MBA Waitlist Strategy: Key Tips for Navigating the Covid Cycle
While the waitlist can be tormenting, there are specific actions you can take now to increase your chances of MBA admissions success.
One of my Fortuna Admissions colleagues heard recently from an anxious client who is still in limbo on the HBS waitlist – and, she’s not alone. No matter that HBS is not wading through a surge of Round 3 apps like many other top schools, nor that it already announced that only 720 students would be joining its incoming class this fall. As Poets&Quants editor John Byrne quipped in our recent podcast episode, “There are a lot of orphaned applicants right now all over the world. They’re on vastly expanded waitlists, because schools are worried about the issue of deferments and who’s going to be able to come and who’s not going to be able to come.”
Landing on the MBA waitlist is a very difficult situation to be in, and you don’t really know when you’re going to get a final decision – you can be on the waitlist for weeks or even several months. Especially in a year as uncommon as this one, where schools created extended deadlines for R3 or a new R4 round, and visa uncertainty is hindering the prospects for many international students to arrive in person.
Having been on the other side as former INSEAD Director of MBA Admissions, the first thing is to take a step back and think about if you’re committed to staying on the waitlist. Do you want to work at getting off the waitlist, or do you have another plan? Maybe you’ve applyied to other schools and are preparing to accept another. Or, perhaps you’re holding out for your dream school and more inclined to turnaround a stronger R1 application.
But if your goal is to turn that waitlisted notice into an acceptance, there are a few concrete actions you can take right now.
8 Key Tips to Navigating the MBA Waitlist
1. Reinforce your commitment to the program and confirm that you accept a place on the waitlist. Keep your tone professional and positive, without a trace of disappointment (or worse, resentment).
2. Supply a supplementary letter of support – ideally, from a member of the school community who can affirm your fit with its program. A one-page email is plenty – it need not be as formal as the letters of recommendation you previously submitted. Don’t flood the admissions team with additional letters, however, this can backfire and potentially hurt your reputation. Also, note that certain schools don’t accept any additional materials, so you should respect that policy.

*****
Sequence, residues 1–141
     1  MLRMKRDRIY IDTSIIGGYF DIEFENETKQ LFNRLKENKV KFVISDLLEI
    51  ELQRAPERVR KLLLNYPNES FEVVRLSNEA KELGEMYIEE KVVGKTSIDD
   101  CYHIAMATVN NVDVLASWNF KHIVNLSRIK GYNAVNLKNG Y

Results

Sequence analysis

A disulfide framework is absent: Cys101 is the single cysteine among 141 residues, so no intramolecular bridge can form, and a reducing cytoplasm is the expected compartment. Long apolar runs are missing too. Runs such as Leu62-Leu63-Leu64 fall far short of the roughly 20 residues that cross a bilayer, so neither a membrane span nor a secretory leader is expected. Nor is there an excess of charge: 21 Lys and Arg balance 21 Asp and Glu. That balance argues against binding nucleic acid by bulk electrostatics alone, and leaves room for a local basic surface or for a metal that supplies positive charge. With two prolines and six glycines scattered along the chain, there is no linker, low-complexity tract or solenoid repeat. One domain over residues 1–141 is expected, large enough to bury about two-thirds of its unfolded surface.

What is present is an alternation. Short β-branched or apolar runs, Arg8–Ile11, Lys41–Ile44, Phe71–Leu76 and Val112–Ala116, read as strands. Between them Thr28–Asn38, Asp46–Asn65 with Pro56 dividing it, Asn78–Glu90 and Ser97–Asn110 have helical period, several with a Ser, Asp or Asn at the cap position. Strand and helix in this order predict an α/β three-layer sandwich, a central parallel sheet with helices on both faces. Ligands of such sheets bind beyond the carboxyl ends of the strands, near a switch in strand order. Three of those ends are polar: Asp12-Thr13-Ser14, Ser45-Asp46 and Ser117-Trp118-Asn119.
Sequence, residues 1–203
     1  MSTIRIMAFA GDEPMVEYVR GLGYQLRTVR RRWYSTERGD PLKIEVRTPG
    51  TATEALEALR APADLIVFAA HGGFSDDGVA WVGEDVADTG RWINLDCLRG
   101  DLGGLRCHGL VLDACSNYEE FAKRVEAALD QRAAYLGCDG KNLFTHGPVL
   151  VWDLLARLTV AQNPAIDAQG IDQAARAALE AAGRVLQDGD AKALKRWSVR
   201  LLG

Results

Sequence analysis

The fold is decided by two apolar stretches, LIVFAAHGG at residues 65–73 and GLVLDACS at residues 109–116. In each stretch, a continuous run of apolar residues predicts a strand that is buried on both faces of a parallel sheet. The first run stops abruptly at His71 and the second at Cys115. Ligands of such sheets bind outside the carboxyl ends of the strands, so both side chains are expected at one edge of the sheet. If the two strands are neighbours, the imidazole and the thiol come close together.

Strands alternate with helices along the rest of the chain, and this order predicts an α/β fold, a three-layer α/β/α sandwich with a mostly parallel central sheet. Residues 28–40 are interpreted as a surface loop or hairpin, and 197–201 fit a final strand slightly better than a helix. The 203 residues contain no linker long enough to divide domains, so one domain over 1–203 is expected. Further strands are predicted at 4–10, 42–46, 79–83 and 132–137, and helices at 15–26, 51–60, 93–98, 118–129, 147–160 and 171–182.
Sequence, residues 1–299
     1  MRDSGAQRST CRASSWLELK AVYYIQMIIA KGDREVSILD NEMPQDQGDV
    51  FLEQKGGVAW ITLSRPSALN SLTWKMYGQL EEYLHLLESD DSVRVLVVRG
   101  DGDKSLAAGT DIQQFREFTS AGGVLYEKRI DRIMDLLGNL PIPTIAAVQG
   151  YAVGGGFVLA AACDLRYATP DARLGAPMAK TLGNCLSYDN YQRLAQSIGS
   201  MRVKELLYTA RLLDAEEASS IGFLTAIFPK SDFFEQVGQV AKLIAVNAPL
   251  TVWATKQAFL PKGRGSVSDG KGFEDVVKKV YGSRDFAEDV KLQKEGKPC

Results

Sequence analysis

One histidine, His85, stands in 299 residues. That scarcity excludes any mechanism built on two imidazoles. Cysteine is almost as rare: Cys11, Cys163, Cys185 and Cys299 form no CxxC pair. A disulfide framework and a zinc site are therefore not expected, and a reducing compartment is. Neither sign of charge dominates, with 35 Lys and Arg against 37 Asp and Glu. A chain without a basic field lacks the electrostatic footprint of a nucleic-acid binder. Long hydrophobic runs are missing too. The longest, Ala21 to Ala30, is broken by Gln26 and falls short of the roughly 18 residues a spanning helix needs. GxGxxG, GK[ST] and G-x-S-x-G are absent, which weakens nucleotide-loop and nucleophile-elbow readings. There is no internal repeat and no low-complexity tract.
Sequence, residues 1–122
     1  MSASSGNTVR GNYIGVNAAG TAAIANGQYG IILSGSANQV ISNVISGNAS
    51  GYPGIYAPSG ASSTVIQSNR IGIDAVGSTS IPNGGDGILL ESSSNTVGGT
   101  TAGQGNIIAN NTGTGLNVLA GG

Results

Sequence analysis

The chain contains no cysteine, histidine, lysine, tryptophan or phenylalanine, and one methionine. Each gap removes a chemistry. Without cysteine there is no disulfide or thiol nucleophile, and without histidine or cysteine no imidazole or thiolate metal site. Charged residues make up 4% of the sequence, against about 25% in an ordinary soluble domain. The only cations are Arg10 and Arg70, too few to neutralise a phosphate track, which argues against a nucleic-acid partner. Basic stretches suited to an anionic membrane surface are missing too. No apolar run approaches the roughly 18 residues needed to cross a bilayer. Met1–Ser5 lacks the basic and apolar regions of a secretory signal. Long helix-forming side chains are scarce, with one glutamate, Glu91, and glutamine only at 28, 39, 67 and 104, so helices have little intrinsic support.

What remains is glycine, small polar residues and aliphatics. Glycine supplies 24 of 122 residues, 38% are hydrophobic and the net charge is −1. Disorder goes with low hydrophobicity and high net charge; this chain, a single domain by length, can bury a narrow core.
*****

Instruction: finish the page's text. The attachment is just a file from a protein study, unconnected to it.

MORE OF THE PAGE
3. Share an update with your alumni interviewer on your situation, as well as ask for any suggestions or feedback (if you interviewed with an alum). While he or she won’t be able to tell you “why” you’re waitlisted (and they may not even know), they may be able to offer their sense of your fit with the school and some insight about your interview.
4. Periodically contact the admissions office – without becoming a pest. It’s appropriate to reach out every three to four weeks. If possible, share an update on your profile, such as a job move or promotion, or inform the admissions committee if you’re on the cusp of accepting another offer. At the very least reinforce your motivation. Balance emails with the occasional phone call – personal touches can keep you on the radar screen and reinforce a positive impression.
5. Step back and analyze why your application came up short. Ask for outside help to identify places of potential weakness. Retaking the GMAT may be worth considering, for example, if your score is below the program average, but only if you think you can gain by a solid margin, not just 10 more points.
6. Consider Plan B. Now is the time to hatch a plan B if you don’t already have one. Because if you don’t receive an offer of acceptance – and know that most candidates on the waitlist will not – think about whether you want to reapply to the same program, or perhaps others, during the next cycle. In weighing your next steps, look for ways to strengthen your profile over the next year to increase your chances of future success.
Mistakes to Avoid: What NOT to do
7. Don’t have an emotional reaction to being put on the waitlist. I see candidates that sometimes take it very personally, but the door is still open. If you are motivated to gain that place, then keep at it. And if you want to get off the waitlist, then you need to respond positively to the school. I’ve seen some awful responses to waitlist announcements where candidates have responded in a very resentful way, which doesn’t create a positive impression. You’ve got to stay positive and reiterate your motivation – and your ability to do so in the face of disappointment reflects your maturity.
8. Don’t overstep your bounds. As told by my Business Casual podcast co-host, Maria Wich-Vila: “I recently heard an admissions officer from one of the top programs say that she received a physical letter to her home address from a waitlisted candidate. That candidate probably thought they were going above and beyond by pleading their case, but that’s just creepy.” Again, your discernment and professionalism are a reflection of your maturity and self-awareness.
Finally, despite the odds, try to stay optimistic – you still have a chance of admission as waitlisted candidate.
For more advice on navigating the waitlist, especially if you have offers from other programs, check out this short video blog discussion with my colleague Catherine Tuttle, Duke Fuqua former Associate Director.